• Automation: C/I currently only executes tests that cover functionality, e.g: unit and maybe integration or some functional tests (Selenium, …). What is missing is the concept of already executing small scale performance and scalability tests that would allow us to automatically detect those problem patterns discussed earlier. With that we could already eliminate the need for MOST War Room situations.
  • So – to sum up – here are some action items (ToDo List)1a: Share and Develop Tools that are used across team boundaries, e.g: Add more diagnostics tools to test or share deployment tools developed by test with Ops1b: a critical component is testing early and testing in real life environments. Test Teams need to empower developers by giving them access to their performance test frameworks that Devs can use to also test performance and architectural KPIs early on. Ops needs to work with Test and provide access to production or staging so that Test can perform their large scale load and performance test in a realistic enviornment2a: It is important to establish a shared reporting and task management system. Very often we see companies that share Wiki Instances and Task Tracking systems where they have status report pages from all teams as well as tracking issues that are found in dev, test and production2b: It is also important to share the same toolset across all tiers so that Dev, Test and Ops get the data they need, that can easily be shared and is understood by everybody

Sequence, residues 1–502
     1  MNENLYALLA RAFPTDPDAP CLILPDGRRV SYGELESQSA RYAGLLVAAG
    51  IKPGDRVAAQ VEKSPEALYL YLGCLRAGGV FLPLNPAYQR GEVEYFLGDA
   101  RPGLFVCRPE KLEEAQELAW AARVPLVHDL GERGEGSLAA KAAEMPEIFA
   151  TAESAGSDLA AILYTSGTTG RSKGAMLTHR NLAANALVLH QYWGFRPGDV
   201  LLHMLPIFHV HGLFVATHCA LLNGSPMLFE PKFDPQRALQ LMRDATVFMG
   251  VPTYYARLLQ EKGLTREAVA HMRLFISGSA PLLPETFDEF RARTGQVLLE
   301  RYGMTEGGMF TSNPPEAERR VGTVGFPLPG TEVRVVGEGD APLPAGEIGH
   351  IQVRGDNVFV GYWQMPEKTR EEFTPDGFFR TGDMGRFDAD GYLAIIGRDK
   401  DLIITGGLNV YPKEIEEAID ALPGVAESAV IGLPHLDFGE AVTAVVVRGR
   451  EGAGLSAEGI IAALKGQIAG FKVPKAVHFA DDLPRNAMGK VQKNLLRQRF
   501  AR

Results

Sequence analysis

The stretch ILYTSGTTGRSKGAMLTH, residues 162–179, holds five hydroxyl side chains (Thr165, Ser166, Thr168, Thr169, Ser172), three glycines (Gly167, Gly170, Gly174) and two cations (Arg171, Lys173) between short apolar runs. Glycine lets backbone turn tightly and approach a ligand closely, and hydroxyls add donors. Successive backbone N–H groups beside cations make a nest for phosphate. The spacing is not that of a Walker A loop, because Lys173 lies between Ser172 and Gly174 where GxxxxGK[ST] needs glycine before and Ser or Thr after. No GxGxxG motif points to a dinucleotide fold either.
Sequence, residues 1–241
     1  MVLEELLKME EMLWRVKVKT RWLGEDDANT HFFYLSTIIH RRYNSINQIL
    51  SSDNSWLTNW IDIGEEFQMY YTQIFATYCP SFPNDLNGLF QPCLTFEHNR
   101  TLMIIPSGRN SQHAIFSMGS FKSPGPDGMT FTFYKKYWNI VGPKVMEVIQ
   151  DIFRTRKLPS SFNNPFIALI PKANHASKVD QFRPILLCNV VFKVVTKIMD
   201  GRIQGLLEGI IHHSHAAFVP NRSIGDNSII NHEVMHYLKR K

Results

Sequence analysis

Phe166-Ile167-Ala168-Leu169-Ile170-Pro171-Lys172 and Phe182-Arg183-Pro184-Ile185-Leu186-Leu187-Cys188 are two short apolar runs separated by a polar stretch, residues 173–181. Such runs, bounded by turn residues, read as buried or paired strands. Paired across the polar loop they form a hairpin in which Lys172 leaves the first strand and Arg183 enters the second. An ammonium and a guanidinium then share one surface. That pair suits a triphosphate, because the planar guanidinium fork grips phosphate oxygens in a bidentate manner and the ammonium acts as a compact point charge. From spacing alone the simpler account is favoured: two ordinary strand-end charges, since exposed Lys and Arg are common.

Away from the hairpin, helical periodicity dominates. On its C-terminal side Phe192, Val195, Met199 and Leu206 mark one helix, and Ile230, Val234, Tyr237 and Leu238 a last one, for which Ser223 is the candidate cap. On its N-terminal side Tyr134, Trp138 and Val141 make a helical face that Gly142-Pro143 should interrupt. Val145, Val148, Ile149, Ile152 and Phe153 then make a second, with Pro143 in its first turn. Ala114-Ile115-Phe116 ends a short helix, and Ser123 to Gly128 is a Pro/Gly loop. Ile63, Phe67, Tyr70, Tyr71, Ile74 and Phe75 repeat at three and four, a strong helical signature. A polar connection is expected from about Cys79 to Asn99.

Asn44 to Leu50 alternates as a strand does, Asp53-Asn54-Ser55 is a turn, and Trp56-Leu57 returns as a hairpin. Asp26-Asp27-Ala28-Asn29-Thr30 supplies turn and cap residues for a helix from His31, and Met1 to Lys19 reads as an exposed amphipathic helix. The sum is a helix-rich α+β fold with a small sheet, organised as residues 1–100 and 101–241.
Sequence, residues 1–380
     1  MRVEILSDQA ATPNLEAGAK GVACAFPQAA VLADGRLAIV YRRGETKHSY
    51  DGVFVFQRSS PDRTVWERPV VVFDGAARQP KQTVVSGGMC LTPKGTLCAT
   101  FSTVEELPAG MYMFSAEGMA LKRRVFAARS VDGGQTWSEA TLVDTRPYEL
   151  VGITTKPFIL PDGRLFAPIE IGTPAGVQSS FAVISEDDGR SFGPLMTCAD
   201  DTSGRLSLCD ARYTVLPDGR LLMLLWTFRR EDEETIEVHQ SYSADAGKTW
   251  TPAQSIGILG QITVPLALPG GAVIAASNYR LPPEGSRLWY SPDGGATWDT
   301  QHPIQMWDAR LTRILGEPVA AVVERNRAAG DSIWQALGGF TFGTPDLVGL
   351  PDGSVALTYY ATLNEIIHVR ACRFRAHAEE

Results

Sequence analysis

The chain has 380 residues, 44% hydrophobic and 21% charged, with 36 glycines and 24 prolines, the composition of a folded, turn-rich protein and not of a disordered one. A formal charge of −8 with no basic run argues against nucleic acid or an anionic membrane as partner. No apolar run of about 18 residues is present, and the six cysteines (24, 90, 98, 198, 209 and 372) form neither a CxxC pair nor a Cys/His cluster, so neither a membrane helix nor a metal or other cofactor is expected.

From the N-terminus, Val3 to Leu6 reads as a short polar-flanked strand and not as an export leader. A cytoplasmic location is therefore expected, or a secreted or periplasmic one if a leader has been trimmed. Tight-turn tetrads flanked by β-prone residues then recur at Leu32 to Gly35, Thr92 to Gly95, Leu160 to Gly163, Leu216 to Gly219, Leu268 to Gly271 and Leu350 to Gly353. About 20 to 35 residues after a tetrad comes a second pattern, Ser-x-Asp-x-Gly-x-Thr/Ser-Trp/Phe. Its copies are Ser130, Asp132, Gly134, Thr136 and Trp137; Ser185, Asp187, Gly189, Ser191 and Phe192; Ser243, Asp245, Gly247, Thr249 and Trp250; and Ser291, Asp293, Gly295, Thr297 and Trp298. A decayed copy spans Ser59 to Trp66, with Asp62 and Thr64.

• When we are recapping the initial problem that we described and the root causes for it we have to say we have a good solution to solve these problems.DevOps is the way to go – BUT – it requires a big focus on Performance, Architecture, Scalability and Deployment.It requires more Automation to find these problems early onIt requires more Measurement as measures allow us to identify these deficiency throughout the Agile processIt requires active sharing of the data which will bring the teams even closer together so that they are working on a “SHARED GOAL”Following all of this will result in 100% confidence when rolling out a production release – without the need of a war room